So what do we do now?
Stay long stocks. There is the seasonal tailwind through March. U.S. economy improving, and the consumer loves a pay raise: Cheaper gasoline is better than a tax cut. The benefits aren’t once a year on April 15, they are immediate. Fade most energy stocks. Fade most commodities. Crude is unlikely to turn tail and get this giant decline back quickly. The psychology doesn’t appear to support it. Large multinationals will be perceived to have to contend with the strong dollar. Exporters’ share prices may face the same psychology. Shares of midcap and small cap companies doing a lot of domestic business may do best. They have picked up in relative performance recently after lagging all year. I like technology but I always do. Technology shares, even giant ones, did nicely in the last dollar bull market.
In Thales I recently added Alibaba (BABA), we stick with Apple (AAPL) and I refuse to give up on the acquisitions potential of GlobalStar (GSAT). In Alloy, I am delighted we dropped Leucadia (LUK) and added asset managers Janus (JNS), new employer of Pimco’s Bill Gross, and Legg Mason (LM).
Consumers get happy with cheap fuel and jobs. In fact, perhaps a good place to start is to reinvestigate the truly great industry groups of the mid to late nineties, a project underway here now. The current King Dollar, cheap oil, low interest rates trifecta may be most similar to those halcyon days of yore. I remain calm and confused about the bond market. Oh yeah, and not very right. My hat off to the bond bulls who have eked out yet another profitable year in what seems like a 300 year old bull market, but is only 35 years old. It is an amazing period where the demand for bonds has, on balance, exceeded supply. Thirty five still seems like a big number and I am on the record—the bond bull ended on 2012. I know, I know. Look at that dead bull eat grass. But change is afoot, whether it’s a bull’s foot or not is anyone’s guess. I have one.
Dollar Index Since 2000 If USD Supply Equals Debasement, Where is It? Is the Greenback Smiling?
I have this hunch economists still have a lot to learn about inflation. Something tells me they are going to work with behaviorists during the next wave of enlightenment, but that’s for a different conversation. The recent absence of inflation worldwide has been mystifying for the economics community at large. I have always admired Milton Friedman’s intellect and his pithy instincts. There is no question in my mind he was always smart. But perhaps not always right, despite a heroic batting average. His most famous inflation quip “Inflation is always and everywhere a monetary phenomenon in the sense that it is and can be produced only by a more rapid increase in the quantity of money than in output” has to be reexamined in the context of the recent explosion in money and the dearth of inflation. Or maybe it is being ratified by the notion today’s modern economy closes Keynes’s “output gaps” practically instantaneously. At least soon enough to snuff out a price rise.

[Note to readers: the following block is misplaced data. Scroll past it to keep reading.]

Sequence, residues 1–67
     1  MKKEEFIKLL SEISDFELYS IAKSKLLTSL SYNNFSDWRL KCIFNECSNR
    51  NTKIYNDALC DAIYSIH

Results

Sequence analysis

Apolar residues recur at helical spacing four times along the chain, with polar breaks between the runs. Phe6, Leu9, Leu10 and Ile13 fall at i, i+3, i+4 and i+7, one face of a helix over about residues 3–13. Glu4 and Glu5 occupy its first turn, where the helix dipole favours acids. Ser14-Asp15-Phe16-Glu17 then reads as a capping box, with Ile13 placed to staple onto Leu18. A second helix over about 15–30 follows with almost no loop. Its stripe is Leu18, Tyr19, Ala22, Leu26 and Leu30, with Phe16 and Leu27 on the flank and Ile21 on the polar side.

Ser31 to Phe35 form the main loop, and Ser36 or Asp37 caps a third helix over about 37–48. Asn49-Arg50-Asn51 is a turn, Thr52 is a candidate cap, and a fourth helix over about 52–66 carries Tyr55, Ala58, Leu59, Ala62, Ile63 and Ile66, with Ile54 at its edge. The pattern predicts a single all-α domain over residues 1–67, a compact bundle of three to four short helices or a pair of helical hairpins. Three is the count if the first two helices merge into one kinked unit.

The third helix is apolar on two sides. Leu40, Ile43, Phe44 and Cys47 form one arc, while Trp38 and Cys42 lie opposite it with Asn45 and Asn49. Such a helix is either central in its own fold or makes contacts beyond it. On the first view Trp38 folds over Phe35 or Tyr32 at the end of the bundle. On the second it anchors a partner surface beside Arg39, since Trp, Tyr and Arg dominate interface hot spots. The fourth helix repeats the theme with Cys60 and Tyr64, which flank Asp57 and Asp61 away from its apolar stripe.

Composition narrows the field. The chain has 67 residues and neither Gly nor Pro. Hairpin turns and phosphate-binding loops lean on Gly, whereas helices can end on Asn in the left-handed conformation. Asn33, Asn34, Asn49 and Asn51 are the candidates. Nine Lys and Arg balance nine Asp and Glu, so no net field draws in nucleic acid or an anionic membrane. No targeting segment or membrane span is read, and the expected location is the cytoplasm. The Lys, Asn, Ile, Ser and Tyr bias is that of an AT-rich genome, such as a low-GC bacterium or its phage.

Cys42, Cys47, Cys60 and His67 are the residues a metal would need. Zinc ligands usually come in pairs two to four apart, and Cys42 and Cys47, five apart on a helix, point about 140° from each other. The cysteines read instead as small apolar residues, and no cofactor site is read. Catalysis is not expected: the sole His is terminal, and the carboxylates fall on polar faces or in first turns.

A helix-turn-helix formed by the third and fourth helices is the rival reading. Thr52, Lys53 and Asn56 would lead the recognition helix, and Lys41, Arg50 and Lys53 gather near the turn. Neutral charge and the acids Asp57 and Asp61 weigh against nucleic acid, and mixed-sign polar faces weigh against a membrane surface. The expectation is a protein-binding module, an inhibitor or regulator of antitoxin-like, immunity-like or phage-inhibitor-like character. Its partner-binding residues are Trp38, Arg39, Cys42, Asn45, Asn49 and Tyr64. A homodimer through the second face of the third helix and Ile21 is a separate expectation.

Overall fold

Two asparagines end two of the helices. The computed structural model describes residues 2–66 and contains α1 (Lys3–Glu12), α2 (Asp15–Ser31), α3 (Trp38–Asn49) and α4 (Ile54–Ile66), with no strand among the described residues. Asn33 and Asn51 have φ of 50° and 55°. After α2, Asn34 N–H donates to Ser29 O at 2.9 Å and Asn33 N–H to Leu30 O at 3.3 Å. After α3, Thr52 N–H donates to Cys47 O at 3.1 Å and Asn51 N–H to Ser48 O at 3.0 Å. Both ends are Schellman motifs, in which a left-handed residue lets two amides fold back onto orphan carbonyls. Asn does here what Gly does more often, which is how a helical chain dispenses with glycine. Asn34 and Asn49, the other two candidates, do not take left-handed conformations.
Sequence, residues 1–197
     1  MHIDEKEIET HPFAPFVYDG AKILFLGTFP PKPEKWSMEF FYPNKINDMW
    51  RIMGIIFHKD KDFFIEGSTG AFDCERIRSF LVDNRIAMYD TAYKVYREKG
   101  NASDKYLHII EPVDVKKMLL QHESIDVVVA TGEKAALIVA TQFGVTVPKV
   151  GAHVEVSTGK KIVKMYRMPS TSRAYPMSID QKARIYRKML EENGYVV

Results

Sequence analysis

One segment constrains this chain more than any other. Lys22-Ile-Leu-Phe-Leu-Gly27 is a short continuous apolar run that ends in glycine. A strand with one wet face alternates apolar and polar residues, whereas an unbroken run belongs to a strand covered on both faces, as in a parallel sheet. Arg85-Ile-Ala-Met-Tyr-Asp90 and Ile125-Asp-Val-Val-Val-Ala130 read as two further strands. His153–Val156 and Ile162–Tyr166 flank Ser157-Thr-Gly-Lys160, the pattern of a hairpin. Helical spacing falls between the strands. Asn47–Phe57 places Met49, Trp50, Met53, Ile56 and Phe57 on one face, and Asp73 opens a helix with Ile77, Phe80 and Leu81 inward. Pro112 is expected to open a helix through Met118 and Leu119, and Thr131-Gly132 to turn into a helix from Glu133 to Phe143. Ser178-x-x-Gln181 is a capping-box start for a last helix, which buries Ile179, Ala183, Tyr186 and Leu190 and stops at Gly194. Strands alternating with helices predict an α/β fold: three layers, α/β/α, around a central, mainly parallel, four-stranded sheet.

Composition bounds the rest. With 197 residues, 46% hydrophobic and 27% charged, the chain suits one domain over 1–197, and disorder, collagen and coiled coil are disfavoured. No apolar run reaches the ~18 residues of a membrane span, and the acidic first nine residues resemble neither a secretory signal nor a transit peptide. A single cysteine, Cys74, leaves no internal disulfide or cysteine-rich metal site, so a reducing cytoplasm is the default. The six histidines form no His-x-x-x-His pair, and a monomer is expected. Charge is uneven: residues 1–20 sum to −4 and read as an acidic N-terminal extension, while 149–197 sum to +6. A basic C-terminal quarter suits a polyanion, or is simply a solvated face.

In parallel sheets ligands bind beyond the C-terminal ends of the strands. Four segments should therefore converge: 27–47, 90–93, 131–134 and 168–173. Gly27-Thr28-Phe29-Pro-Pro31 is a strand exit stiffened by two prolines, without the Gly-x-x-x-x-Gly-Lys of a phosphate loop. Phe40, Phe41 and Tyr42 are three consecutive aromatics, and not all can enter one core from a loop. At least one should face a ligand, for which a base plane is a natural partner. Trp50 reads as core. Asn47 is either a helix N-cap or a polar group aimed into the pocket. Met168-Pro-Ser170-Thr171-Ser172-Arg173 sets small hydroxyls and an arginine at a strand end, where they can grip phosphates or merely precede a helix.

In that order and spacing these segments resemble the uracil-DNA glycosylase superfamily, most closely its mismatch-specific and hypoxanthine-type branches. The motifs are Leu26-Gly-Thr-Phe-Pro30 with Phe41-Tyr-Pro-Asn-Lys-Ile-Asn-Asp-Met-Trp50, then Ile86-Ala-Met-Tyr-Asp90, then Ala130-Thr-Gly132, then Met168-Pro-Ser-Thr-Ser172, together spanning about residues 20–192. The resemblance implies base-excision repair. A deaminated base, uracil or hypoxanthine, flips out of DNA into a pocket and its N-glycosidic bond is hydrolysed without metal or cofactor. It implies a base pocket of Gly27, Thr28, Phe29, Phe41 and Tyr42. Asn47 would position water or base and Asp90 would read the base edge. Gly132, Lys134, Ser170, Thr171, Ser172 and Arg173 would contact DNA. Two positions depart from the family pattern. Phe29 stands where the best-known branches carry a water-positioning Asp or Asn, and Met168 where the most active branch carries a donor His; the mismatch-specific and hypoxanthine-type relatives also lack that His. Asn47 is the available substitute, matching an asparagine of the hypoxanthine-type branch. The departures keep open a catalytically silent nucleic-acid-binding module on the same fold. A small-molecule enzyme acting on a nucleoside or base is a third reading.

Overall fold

Inflation must be fundamentally like head coaches, pheasants and stock prices: subject to the indefatigable forces of supply and demand. Has the modern economy become so adept at meeting demand that prolonged bouts of inflation for goods and services are simply more rare? Does the World Wide Web prevent serious imbalances between dollars chasing goods? Perhaps it is prolonged inflation that is necessary to instill the once-dreaded “inflation psychology,” the expectation that inflation will erode the value of one’s money? Is the persistent absence of inflation a signpost of global economic efficiency, where information, capital, goods, labor, talent, and profits rapidly seek equilibrium refereed by the profit motive? Does this scarcity of understanding explain why a world flooded with dollars has not drowned in inflation?
Answers are still scarce and questions remain abundant. There will be outcomes to be sure. Scarcity sows the seeds of future supply. See? I wrote it down for next time.
This publication does not constitute, in any way, investment advice. The views described may have changed by the time you read this, anyway. Use your head, for crying out loud. Craig Cox is our editor. Thank you, Craig. Bannerstone Capital Management, LLC is a registered investment advisor. Phone number 952.249.8888. We are on the web at bannerstonecapital.com